Permanent link to this article: http://escambia.ifas.ufl.edu/lng/2016/03/09/900/

Summer Weed Management

If summer annual weeds have been a problem for you in the past, now is the time to think about applying a pre emergent herbicide to the lawn.  You may choose a product with the active ingredient dithiopyr, pendamethalin, or prodiamine.  For best results apply a half rate now and the other half in six weeks.  Be sure not to over irrigate or you will wash the herbicide past the zone of the germinating weed seeds.  You really should not be watering the lawn now anyway.  Always read your label for safety precautions.

Crabgrass is a common summer annual weed.

Crabgrass is a common summer annual weed.

Permanent link to this article: http://escambia.ifas.ufl.edu/lng/2016/02/19/summer-weed-management/

Save the Crape Myrtles

Topping crape myrtles seems like a winter tradition but it does not have to be. Crape myrtles are trees that come in many forms and offer a variety of bloom colors. These generally carefree plants should be low maintenance and not generate debris for disposal. Before you decide to hard prune your crape myrtles, determine why you are pruning in this manner. Crape myrtles that are only selectively pruned have generally more flowers and less suckers than those that are severely pruned. Crape myrtles also provide nice shade in the summer and attractive bark and structure in the winter that is destroyed by hard pruning. Visit the Extension office Demonstration Garden to view selective pruning of our many crape myrtle varieties.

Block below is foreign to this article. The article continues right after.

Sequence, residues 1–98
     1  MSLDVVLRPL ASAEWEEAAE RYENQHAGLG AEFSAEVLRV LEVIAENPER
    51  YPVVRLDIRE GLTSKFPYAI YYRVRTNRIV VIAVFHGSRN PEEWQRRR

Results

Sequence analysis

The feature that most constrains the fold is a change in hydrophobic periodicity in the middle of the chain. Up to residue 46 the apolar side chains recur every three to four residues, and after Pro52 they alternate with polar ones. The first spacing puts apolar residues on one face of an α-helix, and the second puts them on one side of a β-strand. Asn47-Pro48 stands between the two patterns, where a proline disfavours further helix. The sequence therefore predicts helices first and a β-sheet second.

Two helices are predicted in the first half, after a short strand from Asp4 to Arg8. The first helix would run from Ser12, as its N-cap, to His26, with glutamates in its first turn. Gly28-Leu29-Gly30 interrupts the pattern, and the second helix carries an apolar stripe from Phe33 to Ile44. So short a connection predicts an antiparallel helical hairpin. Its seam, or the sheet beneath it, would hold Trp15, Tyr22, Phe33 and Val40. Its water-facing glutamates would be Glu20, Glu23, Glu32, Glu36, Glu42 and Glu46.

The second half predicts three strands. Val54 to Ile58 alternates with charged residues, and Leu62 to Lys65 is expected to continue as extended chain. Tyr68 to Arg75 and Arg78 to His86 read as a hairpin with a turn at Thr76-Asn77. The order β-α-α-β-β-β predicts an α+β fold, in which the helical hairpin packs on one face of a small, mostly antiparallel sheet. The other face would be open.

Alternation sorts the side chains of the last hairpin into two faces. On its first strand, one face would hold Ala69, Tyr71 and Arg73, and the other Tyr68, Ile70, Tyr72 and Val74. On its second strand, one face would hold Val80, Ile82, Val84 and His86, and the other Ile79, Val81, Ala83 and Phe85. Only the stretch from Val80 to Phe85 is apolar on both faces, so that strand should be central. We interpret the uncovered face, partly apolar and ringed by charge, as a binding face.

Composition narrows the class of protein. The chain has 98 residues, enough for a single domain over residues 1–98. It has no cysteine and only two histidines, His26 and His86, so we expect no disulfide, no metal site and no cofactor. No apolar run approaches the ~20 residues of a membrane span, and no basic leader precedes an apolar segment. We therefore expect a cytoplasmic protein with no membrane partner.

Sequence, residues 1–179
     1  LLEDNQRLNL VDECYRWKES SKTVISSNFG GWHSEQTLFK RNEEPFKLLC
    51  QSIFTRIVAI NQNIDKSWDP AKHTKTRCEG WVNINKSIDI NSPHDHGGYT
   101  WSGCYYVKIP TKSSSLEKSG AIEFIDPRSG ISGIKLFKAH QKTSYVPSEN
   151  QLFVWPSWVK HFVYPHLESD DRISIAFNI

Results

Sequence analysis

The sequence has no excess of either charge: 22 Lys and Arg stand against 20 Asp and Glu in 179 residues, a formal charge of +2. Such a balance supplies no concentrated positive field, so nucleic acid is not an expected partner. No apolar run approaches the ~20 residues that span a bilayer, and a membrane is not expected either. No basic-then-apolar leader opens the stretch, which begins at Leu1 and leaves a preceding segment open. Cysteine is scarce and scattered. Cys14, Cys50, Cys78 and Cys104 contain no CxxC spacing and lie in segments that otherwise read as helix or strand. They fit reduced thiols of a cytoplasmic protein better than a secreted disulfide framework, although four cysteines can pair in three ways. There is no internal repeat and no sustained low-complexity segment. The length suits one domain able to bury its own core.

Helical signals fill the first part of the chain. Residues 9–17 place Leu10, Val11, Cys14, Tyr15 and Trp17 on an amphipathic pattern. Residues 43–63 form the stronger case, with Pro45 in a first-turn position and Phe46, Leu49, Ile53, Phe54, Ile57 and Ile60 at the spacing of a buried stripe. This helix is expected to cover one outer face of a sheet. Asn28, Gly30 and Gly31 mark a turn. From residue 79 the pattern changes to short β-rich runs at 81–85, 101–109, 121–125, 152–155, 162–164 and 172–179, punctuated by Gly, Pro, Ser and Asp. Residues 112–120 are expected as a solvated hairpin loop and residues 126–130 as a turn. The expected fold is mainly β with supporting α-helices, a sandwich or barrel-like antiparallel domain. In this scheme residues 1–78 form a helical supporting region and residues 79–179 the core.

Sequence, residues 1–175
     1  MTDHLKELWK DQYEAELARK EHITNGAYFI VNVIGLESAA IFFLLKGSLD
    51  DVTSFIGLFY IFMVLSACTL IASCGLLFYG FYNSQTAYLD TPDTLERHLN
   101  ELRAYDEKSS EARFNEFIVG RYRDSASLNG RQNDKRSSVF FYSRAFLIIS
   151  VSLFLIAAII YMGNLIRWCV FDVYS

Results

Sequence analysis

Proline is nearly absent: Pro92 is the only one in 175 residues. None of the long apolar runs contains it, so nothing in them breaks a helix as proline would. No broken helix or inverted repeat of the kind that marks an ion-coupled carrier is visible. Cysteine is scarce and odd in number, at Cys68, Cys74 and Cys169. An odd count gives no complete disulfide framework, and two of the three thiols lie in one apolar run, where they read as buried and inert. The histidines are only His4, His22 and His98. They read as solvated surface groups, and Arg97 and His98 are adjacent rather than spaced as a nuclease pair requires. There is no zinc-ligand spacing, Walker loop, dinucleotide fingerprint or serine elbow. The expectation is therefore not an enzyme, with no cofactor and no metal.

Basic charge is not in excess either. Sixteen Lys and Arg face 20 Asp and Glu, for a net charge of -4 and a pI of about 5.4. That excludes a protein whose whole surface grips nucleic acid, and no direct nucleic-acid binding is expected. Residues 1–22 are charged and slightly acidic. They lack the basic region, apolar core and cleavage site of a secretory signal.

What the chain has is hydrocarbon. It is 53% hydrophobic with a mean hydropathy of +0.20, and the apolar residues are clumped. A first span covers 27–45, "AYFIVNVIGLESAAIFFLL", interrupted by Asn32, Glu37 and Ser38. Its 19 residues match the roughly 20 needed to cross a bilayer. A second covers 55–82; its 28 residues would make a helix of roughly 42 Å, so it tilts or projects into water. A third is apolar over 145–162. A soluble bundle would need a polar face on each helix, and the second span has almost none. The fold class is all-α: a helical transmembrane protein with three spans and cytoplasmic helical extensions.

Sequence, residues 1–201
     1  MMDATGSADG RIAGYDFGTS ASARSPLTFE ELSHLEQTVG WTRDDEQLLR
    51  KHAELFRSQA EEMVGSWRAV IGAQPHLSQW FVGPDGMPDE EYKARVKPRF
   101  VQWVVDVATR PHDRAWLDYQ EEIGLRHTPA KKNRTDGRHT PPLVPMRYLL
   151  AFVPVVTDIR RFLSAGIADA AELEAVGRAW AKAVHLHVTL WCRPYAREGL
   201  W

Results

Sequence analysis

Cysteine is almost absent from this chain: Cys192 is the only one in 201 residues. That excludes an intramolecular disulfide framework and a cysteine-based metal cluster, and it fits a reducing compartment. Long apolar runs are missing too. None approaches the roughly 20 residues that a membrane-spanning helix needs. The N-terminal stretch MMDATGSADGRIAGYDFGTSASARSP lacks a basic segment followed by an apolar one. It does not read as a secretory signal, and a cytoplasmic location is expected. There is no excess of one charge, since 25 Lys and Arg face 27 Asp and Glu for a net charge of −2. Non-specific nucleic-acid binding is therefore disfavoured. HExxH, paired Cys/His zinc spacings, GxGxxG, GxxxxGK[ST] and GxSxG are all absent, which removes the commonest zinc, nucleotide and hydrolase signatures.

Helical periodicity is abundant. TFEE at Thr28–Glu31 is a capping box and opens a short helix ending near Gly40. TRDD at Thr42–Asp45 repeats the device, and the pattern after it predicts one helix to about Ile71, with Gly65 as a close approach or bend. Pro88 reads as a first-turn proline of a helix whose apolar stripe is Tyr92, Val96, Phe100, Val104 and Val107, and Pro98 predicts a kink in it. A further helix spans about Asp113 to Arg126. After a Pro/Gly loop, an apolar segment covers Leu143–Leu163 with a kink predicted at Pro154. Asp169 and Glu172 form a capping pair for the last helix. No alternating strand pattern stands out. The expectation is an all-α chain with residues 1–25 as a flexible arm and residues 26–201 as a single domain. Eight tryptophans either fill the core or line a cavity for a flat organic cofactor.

crape myrtle large

Crape myrtle can be an accent tree if left to develop without severe pruning.

Selectively pruned crape myrtles have attractive structure in the winter and provide shade in the summer.

Selectively pruned crape myrtles have attractive structure in the winter and provide shade in the summer.

Permanent link to this article: http://escambia.ifas.ufl.edu/lng/2016/02/02/save-the-crape-myrtles/

Garden Awareness

The up and down weather along the Gulf Coast means that gardeners need to consider more carefully some common pest management practices. When temps warm, bees are actively visiting flowers such as this Snow Drift camellia flower. If you have a pest problem on evergreen plants that you normally treat during the winter, choose a safe product that does not impact bees. Always be aware of our beneficial organisms and read labels carefully so we protect the environment.

Photo: Beth Bolles

Photo: Beth Bolles